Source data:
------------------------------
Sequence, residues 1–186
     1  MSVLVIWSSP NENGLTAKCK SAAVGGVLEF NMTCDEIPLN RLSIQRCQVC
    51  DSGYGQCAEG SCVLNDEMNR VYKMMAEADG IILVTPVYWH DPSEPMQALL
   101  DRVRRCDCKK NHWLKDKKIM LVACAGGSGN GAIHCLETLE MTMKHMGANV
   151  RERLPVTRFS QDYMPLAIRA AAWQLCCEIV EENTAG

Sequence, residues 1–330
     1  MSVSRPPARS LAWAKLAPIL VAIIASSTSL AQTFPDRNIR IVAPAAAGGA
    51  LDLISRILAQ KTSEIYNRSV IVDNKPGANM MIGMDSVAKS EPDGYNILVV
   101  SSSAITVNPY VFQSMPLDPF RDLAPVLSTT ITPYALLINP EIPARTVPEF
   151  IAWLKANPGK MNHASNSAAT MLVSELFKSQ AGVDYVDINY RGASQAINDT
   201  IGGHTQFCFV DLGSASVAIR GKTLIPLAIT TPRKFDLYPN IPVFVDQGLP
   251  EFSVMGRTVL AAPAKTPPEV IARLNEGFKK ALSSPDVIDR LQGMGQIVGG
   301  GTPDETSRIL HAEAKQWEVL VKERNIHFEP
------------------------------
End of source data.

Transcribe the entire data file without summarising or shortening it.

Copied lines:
Sequence, residues 1–186
     1  MSVLVIWSSP NENGLTAKCK SAAVGGVLEF NMTCDEIPLN RLSIQRCQVC
    51  DSGYGQCAEG SCVLNDEMNR VYKMMAEADG IILVTPVYWH DPSEPMQALL
   101  DRVRRCDCKK NHWLKDKKIM LVACAGGSGN GAIHCLETLE MTMKHMGANV
   151  RERLPVTRFS QDYMPLAIRA AAWQLCCEIV EENTAG

Sequence, residues 1–330
     1  MSVSRPPARS LAWAKLAPIL VAIIASSTSL AQTFPDRNIR IVAPAAAGGA
    51  LDLISRILAQ KTSEIYNRSV IVDNKPGANM MIGMDSVAKS EPDGYNILVV
   101  SSSAITVNPY VFQSMPLDPF RDLAPVLSTT ITPYALLINP EIPARTVPEF
   151  IAWLKANPGK MNHASNSAAT MLVSELFKSQ AGVDYVDINY RGASQAINDT
   201  IGGHTQFCFV DLGSASVAIR GKTLIPLAIT TPRKFDLYPN IPVFVDQGLP
   251  EFSVMGRTVL AAPAKTPPEV IARLNEGFKK ALSSPDVIDR LQGMGQIVGG
   301  GTPDETSRIL HAEAKQWEVL VKERNIHFEP